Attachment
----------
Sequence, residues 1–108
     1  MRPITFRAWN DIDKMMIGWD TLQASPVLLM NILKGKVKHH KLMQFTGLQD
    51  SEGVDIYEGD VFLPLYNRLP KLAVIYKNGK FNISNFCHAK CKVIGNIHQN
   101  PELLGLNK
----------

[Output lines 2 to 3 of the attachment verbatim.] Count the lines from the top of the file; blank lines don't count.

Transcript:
     1  MRPITFRAWN DIDKMMIGWD TLQASPVLLM NILKGKVKHH KLMQFTGLQD
    51  SEGVDIYEGD VFLPLYNRLP KLAVIYKNGK FNISNFCHAK CKVIGNIHQN